- Research and suggest training opportunities related to anti-racism for health service providers on campus.
- Research and suggest training of existing counsellors to understand the psycho-socioeconomic BIPOC-lens.
To inform these recommendations, the Working Group reviewed journal articles that examined health inequities experienced by racialized communities; conducted a detailed environmental scan on anti-racism training and training on the social determinants of health for medical professionals and counsellors; and conducted interviews and focus groups with counsellors, campus healthcare providers (i.e., physicians, psychiatrists, and nurses) and other specialists in the community (an Indigenous physician, a community-based female Muslim counsellor, and an anti-racism expert).
Results of these reviews and consultations indicate that racism is prevalent in Canada’s healthcare system. These inequities are rooted in colonial and racist ideologies and worldviews, stereotypes, prejudice, and discrimination. Institutional factors and individual behaviours that contribute towards these inequities in healthcare and health outcomes include language barriers; lack of cultural awareness; cultural responsiveness; cultural safety5; unconscious biases; inaccessible/inappropriate screening services; unfounded beliefs in race-based biological differences; and a lack of awareness/familiarity of these important issues and concepts.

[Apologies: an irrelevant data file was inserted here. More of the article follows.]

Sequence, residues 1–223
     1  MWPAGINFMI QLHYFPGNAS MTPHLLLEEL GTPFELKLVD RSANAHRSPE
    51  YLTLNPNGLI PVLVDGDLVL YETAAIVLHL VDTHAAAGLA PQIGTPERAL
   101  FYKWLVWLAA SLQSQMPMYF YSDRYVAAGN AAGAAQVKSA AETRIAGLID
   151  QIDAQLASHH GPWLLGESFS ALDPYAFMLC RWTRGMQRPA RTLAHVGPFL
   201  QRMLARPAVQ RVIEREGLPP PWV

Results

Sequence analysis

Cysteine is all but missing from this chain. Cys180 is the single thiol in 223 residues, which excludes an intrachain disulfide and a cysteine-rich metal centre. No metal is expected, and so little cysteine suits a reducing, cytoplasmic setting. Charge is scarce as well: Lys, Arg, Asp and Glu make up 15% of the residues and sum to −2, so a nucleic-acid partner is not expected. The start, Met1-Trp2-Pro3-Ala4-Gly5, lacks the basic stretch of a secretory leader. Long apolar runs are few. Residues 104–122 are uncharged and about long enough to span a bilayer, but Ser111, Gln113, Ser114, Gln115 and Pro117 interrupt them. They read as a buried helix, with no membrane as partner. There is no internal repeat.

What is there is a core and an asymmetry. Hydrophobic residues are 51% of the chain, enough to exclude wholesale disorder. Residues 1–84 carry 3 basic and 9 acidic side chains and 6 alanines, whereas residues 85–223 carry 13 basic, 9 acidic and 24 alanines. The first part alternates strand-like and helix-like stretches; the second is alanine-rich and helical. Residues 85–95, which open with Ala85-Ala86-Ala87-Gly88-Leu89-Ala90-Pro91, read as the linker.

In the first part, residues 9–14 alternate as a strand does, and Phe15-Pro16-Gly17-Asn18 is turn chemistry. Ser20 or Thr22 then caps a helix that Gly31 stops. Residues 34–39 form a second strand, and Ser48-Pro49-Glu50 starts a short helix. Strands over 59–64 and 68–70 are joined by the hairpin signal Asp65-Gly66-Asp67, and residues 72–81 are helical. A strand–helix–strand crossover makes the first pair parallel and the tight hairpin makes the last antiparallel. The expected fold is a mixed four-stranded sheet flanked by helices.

The proposed anti-racism training is based on the Working Group’s reviews and consultations, and on important frameworks such as Critical Race Theory.
The following are anti-racism training recommendations for health service providers and counsellors. They are grouped into five broad categories (detailed information on these categories is provided in Appendix C):
- A | Introduction to Anti-racism/Anti-racism Fundamentals To provide an understanding of fundamental anti-racism context, principles, and terms, including colonization; racial and cultural awareness; eurocentrism; racial discrimination and harassment; whiteness, white privilege, and white supremacy; microaggressions; and unconscious biases.
- B | Social Determinants of Health To provide an understanding of how to address the negative impacts of the social determinants of health and intersectionality in clinical practice, with an emphasis on Black, Indigenous, and other racialized persons.
- C | Racism and Discrimination in Healthcare To provide an understanding of structural racism and discrimination in the Canadian healthcare system.
- D | Culturally Responsible and Safe Healthcare/ Anti-racist Framework for Clinical Practice To provide an anti-racism lens to the work of healthcare providers.